I get this question all of the time, “I am e-mailing coaches, but they aren’t responding! What do I do next?” This can be frustrating as an athlete, but you have to understand these critical things.
- Coaches’ e-mail boxes are extremely busy—They get e-mails from their universities, current athletes, their coaching staff, media outlets, and hundreds of recruits. They receive hundreds of e-mails weekly, if not daily. They will not always respond right away.
Here is how you fix this problem—Pick up the phone and call them. If you truly want a coach to remember you, calling them is a terrific way to set yourself apart.
- Some coaches are not skilled recruiters—Just like good athletes do not always make good coaches, talented coaches do not always make talented recruiters. There are companies dedicated to teaching coaches how to be better recruiters. Some of the areas they focus on most are how to use e-mails in recruiting and how to manage time as a coach.
Here is how you fix this problem—Make it easy on the coaches and e-mail them again. Try e-mailing during different times of the day and week. E-mail them during office hours or in the evenings when they are not getting as many e-mails.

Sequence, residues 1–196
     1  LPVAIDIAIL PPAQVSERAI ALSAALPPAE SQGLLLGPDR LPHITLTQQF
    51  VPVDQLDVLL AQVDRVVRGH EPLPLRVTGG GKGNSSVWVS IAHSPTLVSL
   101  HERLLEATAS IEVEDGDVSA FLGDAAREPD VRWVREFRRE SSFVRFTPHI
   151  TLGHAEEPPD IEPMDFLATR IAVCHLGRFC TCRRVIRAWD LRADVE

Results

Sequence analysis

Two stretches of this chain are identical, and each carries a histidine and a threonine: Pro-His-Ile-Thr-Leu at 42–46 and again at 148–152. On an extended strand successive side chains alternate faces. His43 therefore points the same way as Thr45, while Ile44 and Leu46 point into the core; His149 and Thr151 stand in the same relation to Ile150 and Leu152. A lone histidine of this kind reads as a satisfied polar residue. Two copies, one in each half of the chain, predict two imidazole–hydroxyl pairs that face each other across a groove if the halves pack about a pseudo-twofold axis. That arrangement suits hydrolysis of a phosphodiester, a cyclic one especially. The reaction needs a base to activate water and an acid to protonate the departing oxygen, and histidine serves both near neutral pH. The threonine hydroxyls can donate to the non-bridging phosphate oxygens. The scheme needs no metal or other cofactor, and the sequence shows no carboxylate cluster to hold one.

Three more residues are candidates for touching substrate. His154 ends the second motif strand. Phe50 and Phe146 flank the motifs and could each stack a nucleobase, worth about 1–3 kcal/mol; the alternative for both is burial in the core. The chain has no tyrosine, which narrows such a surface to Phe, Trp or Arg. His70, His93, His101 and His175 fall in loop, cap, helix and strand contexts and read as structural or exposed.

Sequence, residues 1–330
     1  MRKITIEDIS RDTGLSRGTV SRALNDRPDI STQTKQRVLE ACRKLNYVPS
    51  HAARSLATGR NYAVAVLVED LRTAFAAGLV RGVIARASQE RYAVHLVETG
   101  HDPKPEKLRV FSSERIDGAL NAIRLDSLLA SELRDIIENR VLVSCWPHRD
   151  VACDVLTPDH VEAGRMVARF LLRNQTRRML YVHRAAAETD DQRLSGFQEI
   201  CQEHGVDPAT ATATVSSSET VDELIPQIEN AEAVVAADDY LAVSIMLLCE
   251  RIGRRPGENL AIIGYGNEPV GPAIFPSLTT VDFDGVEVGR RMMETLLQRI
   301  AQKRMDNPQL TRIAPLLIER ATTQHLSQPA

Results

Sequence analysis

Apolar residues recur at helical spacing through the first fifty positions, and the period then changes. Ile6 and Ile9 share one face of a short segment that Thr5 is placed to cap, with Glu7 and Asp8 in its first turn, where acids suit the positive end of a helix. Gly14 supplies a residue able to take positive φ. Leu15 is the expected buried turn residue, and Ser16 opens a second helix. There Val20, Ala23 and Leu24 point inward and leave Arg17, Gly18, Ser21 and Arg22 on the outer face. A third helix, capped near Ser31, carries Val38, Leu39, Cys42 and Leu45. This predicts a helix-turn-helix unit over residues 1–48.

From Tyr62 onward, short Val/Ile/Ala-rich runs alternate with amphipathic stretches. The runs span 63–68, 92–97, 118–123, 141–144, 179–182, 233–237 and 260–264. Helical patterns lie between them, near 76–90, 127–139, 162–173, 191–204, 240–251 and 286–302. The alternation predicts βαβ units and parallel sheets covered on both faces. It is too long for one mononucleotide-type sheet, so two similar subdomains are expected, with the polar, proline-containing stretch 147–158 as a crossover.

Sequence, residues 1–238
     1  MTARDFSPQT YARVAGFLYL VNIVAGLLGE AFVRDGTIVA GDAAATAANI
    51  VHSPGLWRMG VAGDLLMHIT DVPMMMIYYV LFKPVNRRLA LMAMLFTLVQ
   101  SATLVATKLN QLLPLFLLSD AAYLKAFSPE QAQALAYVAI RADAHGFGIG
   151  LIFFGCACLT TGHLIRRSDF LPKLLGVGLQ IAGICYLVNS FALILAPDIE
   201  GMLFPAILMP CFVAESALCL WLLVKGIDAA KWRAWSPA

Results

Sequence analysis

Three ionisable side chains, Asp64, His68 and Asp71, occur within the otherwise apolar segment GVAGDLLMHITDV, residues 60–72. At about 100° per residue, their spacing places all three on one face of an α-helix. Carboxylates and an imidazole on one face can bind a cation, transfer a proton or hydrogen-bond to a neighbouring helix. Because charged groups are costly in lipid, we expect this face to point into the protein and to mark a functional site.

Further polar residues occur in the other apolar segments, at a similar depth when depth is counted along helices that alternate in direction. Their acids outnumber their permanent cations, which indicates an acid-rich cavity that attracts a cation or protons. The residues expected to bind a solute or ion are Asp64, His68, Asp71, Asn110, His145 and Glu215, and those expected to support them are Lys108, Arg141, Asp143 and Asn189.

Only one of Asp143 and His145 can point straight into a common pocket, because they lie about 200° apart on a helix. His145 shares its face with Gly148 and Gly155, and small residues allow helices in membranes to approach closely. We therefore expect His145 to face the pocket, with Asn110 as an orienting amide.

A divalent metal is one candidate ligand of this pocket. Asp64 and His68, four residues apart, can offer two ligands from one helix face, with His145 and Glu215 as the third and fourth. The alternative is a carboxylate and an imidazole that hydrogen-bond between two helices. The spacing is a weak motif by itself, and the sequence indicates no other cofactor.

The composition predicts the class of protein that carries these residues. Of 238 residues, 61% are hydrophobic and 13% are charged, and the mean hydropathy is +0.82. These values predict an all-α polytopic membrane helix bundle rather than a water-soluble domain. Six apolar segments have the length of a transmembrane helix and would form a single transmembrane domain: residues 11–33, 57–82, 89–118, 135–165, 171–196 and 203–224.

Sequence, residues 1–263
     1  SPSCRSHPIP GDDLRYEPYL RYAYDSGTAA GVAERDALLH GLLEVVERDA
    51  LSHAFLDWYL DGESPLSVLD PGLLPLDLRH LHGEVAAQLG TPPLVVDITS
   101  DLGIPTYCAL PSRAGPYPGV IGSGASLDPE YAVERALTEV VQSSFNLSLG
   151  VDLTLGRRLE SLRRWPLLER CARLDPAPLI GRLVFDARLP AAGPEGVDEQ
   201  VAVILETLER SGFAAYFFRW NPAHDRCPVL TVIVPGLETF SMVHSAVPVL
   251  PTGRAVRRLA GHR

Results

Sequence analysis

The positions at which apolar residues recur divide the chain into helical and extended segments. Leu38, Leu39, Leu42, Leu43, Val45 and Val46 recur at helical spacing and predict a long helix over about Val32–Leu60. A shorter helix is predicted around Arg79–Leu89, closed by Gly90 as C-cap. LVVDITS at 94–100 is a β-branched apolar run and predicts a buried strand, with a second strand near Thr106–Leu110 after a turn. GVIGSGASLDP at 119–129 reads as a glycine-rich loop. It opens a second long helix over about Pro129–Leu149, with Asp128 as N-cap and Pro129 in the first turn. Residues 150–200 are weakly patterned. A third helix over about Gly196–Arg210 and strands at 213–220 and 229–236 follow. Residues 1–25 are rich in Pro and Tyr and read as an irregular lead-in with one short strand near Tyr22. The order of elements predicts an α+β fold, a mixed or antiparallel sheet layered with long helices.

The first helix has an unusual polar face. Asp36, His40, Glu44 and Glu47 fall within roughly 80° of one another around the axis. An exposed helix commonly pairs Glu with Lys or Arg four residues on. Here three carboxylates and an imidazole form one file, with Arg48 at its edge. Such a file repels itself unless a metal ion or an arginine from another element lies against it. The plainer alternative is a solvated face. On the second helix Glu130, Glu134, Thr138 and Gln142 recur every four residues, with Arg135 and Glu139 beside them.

- The coach might not be interested in recruiting you—The truth hurts, and unfortunately, not every coach will take the time to respond to an athlete they are not interested in.
Here is how you fix this problem—Make sure first that it is not just a coach who is busy. If you have e-mailed and called a coach five or more times and have not gotten a response, it might be time to look at other schools.
- Coaches might not be allowed to respond to your e-mails—At the NCAA Division I and Division II levels, coaches are restricted from e-mailing recruits before certain times in their junior or senior year. However, this is a gray area with the NCAA, and coaches will eventually respond to a person if they e-mail them enough.
Here is how you fix this problem—Do not always include your graduating class or age in your e-mails. That way, if coaches respond, they can say, “I was only responding to the e-mail. I didn’t know it was a recruit.”
- Your e-mail might not be enough for the coach to want to respond to it—Coaches receive hundreds of e-mails from athletes. The majority of them are highly unprofessional, and the coaches will not waste their time responding to them.
Here is how you fix this problem—We have two excellent resources, the Guide to Communicating with College Coaches and How to Create a Great College Recruiting Resume. Download them and follow the instructions.
Recruiting is hard work, and it can be frustrating to go through the effort of e-mailing the coaches and not getting responses. You have to remain positive. Just think of all of the thousands of athletes who are not e-mailing coaches. Every time you e-mail a coach, whether they respond or not, you are getting closer to finding the right school for you.